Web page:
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Long Beach Council Shoots Down Alternative To Medical Marijuana Dispensary Ballot Initiative

| Jun 23, 2016 | News

By Harry Saltzgaver //

It appears the petition-drive initiative to allow medical marijuana dispensaries in Long Beach will have a clear field on the November ballot, at least in terms of a local alternative.

Third District Councilwoman Suzie Price got enough support to put the question of a competing measure on Tuesday night’s agenda. But when she attempted to hold the item over until July 5 with a request for a study of potential impacts of the likely ballot measure, opposing council members attacked.

Early this month, a group led by Bob Kelton turned in petitions with about 35,000 signatures proposing an ordinance that would allow numerous medical marijuana dispensaries in Long Beach, with some operating restrictions and a 6% tax level. The city clerk is still verifying that enough of the signatures are from legally registered voters, but the council is operating on the assumption that it will qualify for the ballot.

In the agenda item, Price offered her proposal to start with a delivery-only model with potential to expand to storefronts as a starting point for a competing measure. Tuesday, she offered to postpone consideration until July 5 because Mayor Robert Garcia and Eighth District Councilman Al Austin were absent, and Seventh District Councilman Roberto Uranga was celebrating his 30th wedding anniversary.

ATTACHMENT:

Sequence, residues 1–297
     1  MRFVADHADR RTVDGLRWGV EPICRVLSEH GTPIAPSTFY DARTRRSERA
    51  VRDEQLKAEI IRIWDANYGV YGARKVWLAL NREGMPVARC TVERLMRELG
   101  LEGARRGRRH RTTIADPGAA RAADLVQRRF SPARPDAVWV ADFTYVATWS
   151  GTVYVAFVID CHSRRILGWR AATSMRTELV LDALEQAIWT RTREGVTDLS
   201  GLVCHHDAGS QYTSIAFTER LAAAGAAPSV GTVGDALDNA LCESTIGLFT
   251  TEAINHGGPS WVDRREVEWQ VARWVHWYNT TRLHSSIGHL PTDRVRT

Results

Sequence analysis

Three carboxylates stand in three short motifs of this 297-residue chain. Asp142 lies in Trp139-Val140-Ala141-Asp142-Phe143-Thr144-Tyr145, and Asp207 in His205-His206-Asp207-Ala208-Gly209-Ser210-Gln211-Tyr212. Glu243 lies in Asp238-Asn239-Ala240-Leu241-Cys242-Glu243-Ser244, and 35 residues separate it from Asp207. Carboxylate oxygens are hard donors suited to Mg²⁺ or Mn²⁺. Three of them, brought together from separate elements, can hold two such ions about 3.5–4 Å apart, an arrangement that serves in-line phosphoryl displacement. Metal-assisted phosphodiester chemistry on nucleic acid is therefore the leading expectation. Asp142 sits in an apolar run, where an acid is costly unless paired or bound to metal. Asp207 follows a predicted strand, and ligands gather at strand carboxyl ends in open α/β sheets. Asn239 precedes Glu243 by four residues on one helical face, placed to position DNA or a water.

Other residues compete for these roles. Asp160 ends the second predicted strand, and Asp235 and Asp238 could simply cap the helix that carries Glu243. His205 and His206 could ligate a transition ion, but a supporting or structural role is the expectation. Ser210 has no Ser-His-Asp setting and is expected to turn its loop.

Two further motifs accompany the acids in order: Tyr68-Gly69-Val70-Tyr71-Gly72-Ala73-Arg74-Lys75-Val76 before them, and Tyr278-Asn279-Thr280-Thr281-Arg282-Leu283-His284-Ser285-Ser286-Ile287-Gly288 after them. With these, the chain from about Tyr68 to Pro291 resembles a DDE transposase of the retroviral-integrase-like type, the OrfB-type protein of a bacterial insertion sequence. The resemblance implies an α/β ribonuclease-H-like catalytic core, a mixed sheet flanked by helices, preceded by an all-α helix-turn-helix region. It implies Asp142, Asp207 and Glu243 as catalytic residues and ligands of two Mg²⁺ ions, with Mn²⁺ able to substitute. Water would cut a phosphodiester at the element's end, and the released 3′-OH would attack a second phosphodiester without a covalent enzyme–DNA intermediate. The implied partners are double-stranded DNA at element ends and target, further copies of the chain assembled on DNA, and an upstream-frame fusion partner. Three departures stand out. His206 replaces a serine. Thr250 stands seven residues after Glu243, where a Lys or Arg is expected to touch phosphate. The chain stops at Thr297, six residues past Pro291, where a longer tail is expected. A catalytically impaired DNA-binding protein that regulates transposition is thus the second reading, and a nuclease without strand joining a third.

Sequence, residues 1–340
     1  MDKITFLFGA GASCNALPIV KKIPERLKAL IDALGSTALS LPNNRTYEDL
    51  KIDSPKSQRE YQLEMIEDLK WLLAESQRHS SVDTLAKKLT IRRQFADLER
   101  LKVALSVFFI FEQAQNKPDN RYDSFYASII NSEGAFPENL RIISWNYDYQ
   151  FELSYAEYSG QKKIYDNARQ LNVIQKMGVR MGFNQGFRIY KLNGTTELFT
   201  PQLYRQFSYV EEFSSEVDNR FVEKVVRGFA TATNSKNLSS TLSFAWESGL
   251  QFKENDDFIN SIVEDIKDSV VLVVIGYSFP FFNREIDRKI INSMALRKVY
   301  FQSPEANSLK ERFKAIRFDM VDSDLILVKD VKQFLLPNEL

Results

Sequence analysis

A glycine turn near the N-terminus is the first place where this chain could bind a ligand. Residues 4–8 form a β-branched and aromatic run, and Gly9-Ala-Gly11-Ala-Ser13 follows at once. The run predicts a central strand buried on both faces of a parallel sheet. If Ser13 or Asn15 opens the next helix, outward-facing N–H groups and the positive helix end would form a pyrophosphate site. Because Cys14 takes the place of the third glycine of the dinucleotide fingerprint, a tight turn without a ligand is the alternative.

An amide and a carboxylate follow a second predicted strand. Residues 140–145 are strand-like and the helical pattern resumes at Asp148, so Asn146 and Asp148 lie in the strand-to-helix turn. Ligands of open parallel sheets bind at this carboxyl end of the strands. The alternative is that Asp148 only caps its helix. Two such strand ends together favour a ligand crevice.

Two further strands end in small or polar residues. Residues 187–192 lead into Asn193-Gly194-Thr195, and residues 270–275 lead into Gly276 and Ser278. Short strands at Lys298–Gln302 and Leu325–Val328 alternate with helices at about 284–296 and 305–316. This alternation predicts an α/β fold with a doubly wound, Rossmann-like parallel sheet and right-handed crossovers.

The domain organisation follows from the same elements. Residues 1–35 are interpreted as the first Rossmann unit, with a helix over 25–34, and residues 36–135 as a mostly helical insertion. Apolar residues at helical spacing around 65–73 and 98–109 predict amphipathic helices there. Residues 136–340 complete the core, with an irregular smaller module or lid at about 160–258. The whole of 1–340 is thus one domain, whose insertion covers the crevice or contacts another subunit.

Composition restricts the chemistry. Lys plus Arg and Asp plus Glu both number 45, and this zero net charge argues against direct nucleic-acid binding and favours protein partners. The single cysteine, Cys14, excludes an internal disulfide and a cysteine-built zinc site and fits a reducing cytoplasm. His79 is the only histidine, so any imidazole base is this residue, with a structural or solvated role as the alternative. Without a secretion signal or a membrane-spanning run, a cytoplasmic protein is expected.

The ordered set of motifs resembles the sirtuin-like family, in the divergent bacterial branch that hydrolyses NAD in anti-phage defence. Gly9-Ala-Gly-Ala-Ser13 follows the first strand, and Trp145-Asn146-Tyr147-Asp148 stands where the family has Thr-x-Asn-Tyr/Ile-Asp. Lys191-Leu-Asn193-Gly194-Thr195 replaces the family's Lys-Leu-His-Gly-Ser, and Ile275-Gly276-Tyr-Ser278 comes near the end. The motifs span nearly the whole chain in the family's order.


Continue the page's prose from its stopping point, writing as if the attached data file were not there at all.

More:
She also asked the city manager and city attorney to start preparing an impact analysis if the ballot initiative were to pass.
Ninth District Councilman Rex Richardson said he couldn’t support Price’s alternative, but that a study might make sense. Then Uranga said that the council had turned down Price’s proposal once and didn’t need to address it again. He made a motion to receive and file Price’s request.

An hour of debate ensued. Price offered to drop her proposal and just ask for a report, but by that time Sixth District Councilman Dee Andrews, Vice Mayor Suja Lownethal and others said the time had passed for council action.

“We had our chance, and we got it right, but we were undone,” Lowenthal said. “We were undone, honestly, due to fear mongering. That politics of fear mongering is wrong.”

Public comment was unanimously against any further action from the council. Diana Lejins, a pro marijuana advocate, accused Price of conflict of interest, saying that her job as a deputy county prosecutor depended on keeping marijuana illegal.

Lowenthal, who was running the meeting because of Garcia’s absence, urged the council to vote against Price’s motion to seek a study. After that motion failed 6-2 (Fifth District Councilwoman Stacy Mungo voted with Price), Lowenthal urged a yes vote to receive and file before calling for that vote. It passed, 7-1.